# Are orthogonal operators always isomorphisms?

I need to show the following:

Let $$V$$ be a finite dimensional vector space with inner product, if $$T$$ is orthogonal, show that T is injective and surjective

I think it is injective because T preserves inner product but i am not so sure if it is the right wya to prove it

• "I think it is injective because T preserves inner product" – well yes, but you just said "I think it is injective because T is orthogonal", which is what you want to prove! What would you actually do to try to prove injectivity? – diracdeltafunk Jun 5 at 5:12
• What is $T$? I assume it's an orthogonal linear transformation $V\to V$? – YiFan Jun 5 at 5:15

Assume $$u\in V$$ is such that $$Tu=0$$. The operator being orthogonal one has

$$(u,u)=(Tu,Tu)=0$$

This means $$u=0$$ and $$T$$ is injective and we’re done for bijectivity because $$T$$ is a linear operator in a finite dimensional vector space.

• How do you infer that surjectivity is trivial – Ivan Bravo Jun 5 at 5:20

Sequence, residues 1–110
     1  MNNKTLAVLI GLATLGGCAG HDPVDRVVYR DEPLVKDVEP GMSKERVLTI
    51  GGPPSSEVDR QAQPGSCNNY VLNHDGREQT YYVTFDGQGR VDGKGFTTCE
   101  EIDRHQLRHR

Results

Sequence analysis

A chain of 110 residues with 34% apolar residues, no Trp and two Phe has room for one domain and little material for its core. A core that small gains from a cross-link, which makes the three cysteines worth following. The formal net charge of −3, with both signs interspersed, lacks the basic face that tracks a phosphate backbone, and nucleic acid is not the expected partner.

• @IvanBravo, If $V$ and $W$ are finite-dimensional vector spaces with the same dimension, then a linear map $T : V → W$ is injective if and only if it is surjective. – mathvision Jun 5 at 5:24
• One way to see that is to start with $\operatorname{rank}(T)+\operatorname{dim}(\ker{T})=\operatorname{dim}{V}$ and the dimension of the kernel is $0$ when $T$ is injective – marwalix Jun 5 at 17:45

For $$u,v\in V$$ so that $$T(u)=T(v)$$, we have that $$T(u-v)=0,$$ so that $$\langle u-v,u-v\rangle=\langle T(u-v),T(u-v)\rangle=0$$. This means that $$u-v=0$$, thus $$u=v$$, so that $$T$$ is injective. On the other hand, the image of an injective linear transformation is a subspace of the codomain $$V$$ with dimension equal to the dimension of the domain, but since the dimension of the domain is just the dimension of the whole of $$V$$, $$T$$ is surjective.

• That has been so clear, thank! – Ivan Bravo Jun 5 at 5:23
• @IvanBravo Glad to help! – YiFan Jun 5 at 5:27